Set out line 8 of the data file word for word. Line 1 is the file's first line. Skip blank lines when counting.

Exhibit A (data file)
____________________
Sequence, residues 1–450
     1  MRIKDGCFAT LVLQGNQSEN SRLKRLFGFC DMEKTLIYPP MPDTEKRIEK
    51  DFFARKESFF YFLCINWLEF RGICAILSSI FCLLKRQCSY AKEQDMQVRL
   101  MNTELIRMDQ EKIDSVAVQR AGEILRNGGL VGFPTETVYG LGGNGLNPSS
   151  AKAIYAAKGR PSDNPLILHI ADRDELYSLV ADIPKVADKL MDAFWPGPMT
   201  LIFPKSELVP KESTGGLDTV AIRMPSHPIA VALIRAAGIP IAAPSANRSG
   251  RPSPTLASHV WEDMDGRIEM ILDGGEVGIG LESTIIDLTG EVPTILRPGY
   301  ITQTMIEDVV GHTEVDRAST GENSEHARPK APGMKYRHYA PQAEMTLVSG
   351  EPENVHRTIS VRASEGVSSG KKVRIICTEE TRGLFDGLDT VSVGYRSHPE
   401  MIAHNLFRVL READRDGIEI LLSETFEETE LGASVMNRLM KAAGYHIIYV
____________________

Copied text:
   301  ITQTMIEDVV GHTEVDRAST GENSEHARPK APGMKYRHYA PQAEMTLVSG